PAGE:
Translation: We don’t know what caused the warming back then so we will just assume that it was the greenhouse effect of CO2 & CH4 because we don’t know how to say “we don’t know”.

August 13, 2018 7:30 am

I agree with these researchers. These “geologic time frame resolution” incidents indicate that we only have another 5 to 20 thousand years to decipher exactly what’s happening and respond to it. I’m all for studying the climate another millennium so that we aren’t too surprised when miles high sheets of ice suddenly overwhelm us.

Oh, wait….as we all now know, CO2 effects have no negative feedbacks…so increasing CO2 as oceans warm means nearly unending increasing atmospheric CO2 concentrations (until oceans run outa CO2)….so NO MORE ICE AGES.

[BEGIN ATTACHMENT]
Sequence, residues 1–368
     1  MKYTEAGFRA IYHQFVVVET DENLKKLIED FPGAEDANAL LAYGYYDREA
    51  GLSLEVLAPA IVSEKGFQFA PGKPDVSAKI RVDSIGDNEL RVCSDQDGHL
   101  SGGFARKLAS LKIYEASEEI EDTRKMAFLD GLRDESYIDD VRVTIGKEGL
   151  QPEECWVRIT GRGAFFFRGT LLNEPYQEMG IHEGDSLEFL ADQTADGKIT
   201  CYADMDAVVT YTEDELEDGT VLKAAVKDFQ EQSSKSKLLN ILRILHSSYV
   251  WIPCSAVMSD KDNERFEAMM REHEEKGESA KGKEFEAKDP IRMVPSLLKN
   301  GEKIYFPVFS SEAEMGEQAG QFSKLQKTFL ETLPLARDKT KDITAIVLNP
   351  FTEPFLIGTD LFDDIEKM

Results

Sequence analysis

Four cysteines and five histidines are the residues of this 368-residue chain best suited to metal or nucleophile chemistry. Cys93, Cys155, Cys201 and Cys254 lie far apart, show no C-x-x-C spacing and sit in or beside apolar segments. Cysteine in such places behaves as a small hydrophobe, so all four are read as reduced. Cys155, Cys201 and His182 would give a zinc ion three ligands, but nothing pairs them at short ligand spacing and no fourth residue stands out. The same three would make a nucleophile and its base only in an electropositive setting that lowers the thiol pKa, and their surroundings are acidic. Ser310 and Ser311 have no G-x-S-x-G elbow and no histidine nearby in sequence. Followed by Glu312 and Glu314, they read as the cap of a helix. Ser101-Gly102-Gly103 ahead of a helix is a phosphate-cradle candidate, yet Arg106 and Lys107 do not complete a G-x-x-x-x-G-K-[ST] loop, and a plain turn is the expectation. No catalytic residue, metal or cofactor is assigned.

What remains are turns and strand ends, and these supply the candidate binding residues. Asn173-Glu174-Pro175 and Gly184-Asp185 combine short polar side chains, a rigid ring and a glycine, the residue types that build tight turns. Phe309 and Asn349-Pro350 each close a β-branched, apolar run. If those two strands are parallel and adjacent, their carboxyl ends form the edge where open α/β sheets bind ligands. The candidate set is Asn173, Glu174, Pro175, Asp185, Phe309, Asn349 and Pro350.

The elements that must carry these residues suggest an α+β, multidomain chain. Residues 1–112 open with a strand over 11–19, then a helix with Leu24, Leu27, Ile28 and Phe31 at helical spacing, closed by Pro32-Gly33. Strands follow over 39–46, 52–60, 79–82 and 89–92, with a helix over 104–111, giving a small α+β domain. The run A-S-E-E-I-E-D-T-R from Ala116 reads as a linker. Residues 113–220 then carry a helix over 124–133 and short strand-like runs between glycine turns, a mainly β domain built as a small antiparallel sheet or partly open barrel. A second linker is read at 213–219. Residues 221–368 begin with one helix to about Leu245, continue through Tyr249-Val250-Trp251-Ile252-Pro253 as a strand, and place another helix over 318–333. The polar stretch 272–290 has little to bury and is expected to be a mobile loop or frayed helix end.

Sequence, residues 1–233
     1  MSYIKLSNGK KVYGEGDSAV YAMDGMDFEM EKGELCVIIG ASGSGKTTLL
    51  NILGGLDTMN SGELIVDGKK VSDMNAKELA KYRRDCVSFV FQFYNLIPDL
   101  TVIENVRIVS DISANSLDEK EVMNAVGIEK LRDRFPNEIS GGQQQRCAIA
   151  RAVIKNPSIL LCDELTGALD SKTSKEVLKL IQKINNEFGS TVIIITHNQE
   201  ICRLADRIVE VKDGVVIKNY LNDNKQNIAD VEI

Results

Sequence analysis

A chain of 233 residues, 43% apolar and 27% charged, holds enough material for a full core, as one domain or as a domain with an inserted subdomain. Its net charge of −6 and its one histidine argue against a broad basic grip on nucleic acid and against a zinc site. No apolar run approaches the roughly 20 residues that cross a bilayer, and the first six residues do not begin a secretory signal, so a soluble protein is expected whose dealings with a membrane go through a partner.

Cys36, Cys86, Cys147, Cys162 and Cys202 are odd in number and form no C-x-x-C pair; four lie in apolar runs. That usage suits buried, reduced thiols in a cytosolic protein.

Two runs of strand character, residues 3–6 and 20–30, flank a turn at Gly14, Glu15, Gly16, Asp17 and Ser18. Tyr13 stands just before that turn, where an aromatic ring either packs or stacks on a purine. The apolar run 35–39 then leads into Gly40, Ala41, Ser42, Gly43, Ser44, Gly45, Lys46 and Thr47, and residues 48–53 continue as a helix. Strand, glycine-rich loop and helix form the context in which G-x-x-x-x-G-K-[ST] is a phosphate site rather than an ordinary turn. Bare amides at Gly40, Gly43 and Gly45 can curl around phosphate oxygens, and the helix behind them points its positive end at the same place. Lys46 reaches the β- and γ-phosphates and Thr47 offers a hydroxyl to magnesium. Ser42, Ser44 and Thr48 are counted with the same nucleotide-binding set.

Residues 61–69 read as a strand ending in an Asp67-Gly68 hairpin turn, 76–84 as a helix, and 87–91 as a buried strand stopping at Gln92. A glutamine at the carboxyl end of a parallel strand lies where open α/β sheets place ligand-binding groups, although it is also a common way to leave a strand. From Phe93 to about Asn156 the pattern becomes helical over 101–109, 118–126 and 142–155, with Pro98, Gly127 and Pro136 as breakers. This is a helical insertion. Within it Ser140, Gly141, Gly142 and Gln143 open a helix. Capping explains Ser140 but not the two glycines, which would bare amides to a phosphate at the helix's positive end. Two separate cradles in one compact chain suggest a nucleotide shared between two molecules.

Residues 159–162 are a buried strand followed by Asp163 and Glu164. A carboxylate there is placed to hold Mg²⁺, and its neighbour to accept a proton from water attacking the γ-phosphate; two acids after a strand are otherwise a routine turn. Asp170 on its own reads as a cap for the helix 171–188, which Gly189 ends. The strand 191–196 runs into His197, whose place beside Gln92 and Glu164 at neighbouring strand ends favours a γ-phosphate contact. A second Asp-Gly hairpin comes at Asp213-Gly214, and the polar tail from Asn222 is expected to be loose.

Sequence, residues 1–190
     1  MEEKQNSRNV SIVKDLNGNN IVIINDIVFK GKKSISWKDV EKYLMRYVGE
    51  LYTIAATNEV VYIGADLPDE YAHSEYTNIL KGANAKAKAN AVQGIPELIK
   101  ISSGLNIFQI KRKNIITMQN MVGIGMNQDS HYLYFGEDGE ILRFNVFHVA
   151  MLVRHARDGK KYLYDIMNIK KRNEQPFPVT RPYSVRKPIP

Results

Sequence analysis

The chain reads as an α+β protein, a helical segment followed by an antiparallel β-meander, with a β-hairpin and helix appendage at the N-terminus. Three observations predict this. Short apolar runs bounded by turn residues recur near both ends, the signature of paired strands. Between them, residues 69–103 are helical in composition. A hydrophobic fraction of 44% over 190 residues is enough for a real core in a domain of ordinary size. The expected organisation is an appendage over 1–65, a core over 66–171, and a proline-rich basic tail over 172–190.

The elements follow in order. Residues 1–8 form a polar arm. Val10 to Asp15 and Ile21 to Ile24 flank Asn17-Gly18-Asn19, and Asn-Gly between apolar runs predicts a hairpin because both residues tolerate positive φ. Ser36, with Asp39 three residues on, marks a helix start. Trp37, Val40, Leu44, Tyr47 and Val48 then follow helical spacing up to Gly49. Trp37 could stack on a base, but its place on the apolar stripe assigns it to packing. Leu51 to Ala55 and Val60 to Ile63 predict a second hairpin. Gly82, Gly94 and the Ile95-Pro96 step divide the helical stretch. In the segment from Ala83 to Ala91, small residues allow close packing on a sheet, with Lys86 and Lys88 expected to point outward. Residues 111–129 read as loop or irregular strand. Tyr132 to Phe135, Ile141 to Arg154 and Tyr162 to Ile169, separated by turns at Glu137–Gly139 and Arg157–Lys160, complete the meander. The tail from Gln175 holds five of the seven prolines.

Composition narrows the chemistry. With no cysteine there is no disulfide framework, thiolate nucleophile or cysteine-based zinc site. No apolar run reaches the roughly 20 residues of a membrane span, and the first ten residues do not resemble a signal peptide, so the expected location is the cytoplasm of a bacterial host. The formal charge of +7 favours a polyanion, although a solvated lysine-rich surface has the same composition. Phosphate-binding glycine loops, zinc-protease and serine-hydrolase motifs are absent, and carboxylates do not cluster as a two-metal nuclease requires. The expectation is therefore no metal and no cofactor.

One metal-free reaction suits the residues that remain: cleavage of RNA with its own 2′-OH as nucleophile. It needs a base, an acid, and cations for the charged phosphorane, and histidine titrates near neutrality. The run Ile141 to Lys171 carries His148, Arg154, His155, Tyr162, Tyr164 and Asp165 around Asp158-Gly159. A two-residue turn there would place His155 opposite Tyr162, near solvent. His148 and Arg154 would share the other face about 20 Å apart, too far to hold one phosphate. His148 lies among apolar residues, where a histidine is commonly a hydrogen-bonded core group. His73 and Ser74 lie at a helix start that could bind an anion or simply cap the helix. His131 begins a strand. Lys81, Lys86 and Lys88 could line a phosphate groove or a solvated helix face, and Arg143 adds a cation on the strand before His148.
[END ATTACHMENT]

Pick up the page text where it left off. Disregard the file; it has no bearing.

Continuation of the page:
Very comforting, now that we know all there is to know about CO2 and climate.

Johann Wundersamer
August 15, 2018 3:38 pm

Their research focuses on the ancient Tethys Ocean (site of the present-day Mediterranean Sea) –> Their research focuses on the ancient Tethys Ocean (site of the present-day rivers Danube and Rhein)

Johann Wundersamer
August 15, 2018 3:54 pm

“Indeed, there are gaps in our understanding between the model worlds and the fossil worlds.”

But despite this knowledge, these “scientists” hold to the idea that in the foreseeable future they could depict the real world in their models.